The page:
That said I absolutely don’t agree that all gore should be removed – it’s needed to portray the truth – it’s part of getting the balance right.

  12. #12 Samantha Dixon
    February 4, 2009

    It should also be noted that sometimes the actual kill may not be included in footage shown simply because they didn’t get it on camera!

    I imagine navigating a heavy camcorder to point at an image you can only see on an infra-red screen at night with animals moving around one another rapidly and performing kills in 30seconds, can’t be easy. Especially since you no doubt spend hours beforehand trying to find said behaviour in the dark!!

  13. #13 Raymond Minton
    February 4, 2009

    I had to see this to believe it, Darren! Truth truly is stranger than fiction. This may give us some insight into how extinct cats like Homotherium preyed on mammoths and mastodons.

  14. #14 abb3w
    February 4, 2009

    Andreas Johansson: I really can’t see why some people seem to think that killing elephants is worse than killing gazelles.

    Endangered status of the elephant; bigger brain size; and that elephants may be one of the three non-hominid cultures close enough to our own as to allow humans some slim hope of being able to bridge the gap between.

  15. #15 Dartian
    February 4, 2009

    Near topic: I remember hearing of a case in India (in the 19th century or the early 20th century) where a number of adult elephants were attacked/killed by tigers. Or, more likely, by just one particular tiger, as the attacks occurred quite close to each other and within a short period of time. Does anyone else remember hearing of this, and if so, would anyone happen to know the original reference?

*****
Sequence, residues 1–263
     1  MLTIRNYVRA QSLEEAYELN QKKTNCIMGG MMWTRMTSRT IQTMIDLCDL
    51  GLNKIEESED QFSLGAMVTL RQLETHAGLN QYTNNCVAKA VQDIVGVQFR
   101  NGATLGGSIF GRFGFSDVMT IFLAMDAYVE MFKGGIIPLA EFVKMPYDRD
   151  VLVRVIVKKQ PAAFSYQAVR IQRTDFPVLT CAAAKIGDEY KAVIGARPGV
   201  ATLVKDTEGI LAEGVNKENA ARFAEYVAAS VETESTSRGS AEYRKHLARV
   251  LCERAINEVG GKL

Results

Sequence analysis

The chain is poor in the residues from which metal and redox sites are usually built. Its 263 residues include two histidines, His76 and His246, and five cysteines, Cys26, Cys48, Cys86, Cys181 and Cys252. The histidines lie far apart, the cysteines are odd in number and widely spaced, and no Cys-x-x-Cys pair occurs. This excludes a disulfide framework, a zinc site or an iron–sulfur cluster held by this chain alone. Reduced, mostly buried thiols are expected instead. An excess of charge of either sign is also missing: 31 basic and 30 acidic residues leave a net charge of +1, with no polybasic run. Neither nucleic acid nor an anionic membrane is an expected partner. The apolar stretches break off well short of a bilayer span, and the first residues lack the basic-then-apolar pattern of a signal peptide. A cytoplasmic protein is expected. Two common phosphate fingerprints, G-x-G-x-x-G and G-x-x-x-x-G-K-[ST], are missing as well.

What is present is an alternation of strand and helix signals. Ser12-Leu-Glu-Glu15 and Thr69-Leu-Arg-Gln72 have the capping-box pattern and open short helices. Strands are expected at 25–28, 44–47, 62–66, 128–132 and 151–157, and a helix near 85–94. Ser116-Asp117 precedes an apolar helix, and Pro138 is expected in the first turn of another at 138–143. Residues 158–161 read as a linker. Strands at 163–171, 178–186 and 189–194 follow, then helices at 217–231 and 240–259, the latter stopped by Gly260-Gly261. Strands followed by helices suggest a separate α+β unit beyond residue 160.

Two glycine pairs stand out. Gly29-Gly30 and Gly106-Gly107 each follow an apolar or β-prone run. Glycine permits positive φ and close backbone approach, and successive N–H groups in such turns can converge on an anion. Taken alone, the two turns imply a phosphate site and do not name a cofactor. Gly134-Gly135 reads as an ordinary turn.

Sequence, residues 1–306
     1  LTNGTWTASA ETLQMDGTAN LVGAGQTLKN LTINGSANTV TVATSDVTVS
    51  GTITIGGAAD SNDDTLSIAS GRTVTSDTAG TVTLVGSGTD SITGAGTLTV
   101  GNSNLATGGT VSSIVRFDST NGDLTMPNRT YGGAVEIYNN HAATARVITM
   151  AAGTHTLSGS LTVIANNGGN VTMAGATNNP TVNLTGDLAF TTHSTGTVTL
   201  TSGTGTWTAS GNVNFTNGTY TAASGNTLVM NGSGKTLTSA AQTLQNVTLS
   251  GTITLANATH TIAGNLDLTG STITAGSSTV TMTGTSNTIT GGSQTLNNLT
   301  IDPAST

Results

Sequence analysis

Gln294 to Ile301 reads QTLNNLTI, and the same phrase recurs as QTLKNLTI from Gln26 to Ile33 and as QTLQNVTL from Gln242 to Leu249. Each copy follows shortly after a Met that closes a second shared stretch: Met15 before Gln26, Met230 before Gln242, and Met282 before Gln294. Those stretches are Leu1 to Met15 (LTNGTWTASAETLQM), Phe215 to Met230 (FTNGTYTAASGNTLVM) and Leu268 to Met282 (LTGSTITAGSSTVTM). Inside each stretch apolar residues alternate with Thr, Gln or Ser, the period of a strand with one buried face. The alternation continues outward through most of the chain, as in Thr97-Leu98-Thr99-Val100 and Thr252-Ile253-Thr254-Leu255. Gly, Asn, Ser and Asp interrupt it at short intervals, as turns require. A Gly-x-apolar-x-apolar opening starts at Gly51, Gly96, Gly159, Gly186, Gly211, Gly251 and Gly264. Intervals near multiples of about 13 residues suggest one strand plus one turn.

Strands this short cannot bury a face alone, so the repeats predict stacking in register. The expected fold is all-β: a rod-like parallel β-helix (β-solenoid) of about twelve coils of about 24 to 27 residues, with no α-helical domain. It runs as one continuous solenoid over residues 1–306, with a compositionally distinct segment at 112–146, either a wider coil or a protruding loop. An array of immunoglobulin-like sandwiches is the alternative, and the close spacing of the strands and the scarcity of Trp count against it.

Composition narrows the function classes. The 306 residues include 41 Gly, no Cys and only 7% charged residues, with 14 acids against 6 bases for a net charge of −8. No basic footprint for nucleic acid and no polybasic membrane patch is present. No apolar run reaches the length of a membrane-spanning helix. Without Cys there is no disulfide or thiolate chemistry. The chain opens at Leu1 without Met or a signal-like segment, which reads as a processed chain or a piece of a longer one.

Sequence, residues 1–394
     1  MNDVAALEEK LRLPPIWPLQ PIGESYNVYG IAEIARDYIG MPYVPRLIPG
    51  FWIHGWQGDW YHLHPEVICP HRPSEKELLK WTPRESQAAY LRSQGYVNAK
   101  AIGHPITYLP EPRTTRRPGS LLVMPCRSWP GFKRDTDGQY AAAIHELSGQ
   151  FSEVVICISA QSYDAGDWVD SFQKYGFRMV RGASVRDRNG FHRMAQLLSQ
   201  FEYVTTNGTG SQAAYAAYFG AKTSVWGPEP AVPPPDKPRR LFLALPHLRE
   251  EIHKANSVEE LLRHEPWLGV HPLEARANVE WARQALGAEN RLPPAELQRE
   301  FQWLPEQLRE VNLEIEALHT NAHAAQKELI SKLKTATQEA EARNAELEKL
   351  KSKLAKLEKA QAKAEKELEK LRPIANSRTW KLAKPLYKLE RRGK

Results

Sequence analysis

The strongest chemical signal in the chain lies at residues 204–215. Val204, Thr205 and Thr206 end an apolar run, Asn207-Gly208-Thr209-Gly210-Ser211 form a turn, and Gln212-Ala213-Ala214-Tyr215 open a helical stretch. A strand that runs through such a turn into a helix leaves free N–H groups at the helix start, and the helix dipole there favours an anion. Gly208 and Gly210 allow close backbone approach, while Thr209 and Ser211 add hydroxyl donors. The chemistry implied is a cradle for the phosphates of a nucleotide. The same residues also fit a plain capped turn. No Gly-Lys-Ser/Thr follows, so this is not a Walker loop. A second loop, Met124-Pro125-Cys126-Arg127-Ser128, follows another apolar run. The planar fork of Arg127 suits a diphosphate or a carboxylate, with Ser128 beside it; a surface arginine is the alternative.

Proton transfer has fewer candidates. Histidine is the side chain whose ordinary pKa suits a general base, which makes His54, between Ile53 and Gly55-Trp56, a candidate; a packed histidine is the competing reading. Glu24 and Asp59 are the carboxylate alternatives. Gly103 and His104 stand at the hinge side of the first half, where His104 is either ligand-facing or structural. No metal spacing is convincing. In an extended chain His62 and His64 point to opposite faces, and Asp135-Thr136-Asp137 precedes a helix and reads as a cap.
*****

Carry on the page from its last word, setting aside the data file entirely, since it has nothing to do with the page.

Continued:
16. #16 Chris Clark
    February 4, 2009

    If lions can co-operate to kill elephants, and elephants have a larger brain size than lions, isn’t it time elephants learned to co-operate against lions? Since herds tend to be closely related I would expect reciprocal altruism to kick in. Or is it that one is learned behaviour and the other is evolved behaviour, and the time scales are very different?

  17. #17 Carlos
    February 4, 2009

    Yeah, I remember the elpehant killing lions. I’ve seen Planet Earth at least twice, and before that I didn’t even knew lions could kill anything bigger than a giraffe.

    But people that think lions are evil elephant murders is just disgusting. Sometimes I wish to release them in the african wetlands in the dry season; then they would learn that starved hippos also eat meat

  18. #18 Carlos
    February 4, 2009

    Let me see the grammar mistakes I’ve made in the previous post:

    -”Elpehant” instead of elephant
    -putting “is” instead of “are”

    Any more?

  19. #19 Andreas Johansson
    February 4, 2009

    Samantha Dixon wrote:

    Don’t you mean Bambi Andreas?

    No, I mean Dumbo. Bambi wouldn’t be likely to imbue me with any special sympathy for elephants, would it?

    abb3w wrote:
    Endangered status of the elephant; bigger brain size; and that elephants may be one of the three non-hominid cultures close enough to our own as to allow humans some slim hope of being able to bridge the gap between.
    I can see why someone would grieve the death of an elephant more than the death of a gazelle. What doesn’t make sense to me is seeing the elephant-killing lion as “eviller” than the gazelle-killing one – the lion presumably isn’t aware of any of the things you list, and even if it were I do not see why the later two ought matter to it.

  20. #20 Andreas Johansson
    February 4, 2009

    Gack. The bit from “Endangered status” to “gap between” was supposed to be in blockquote.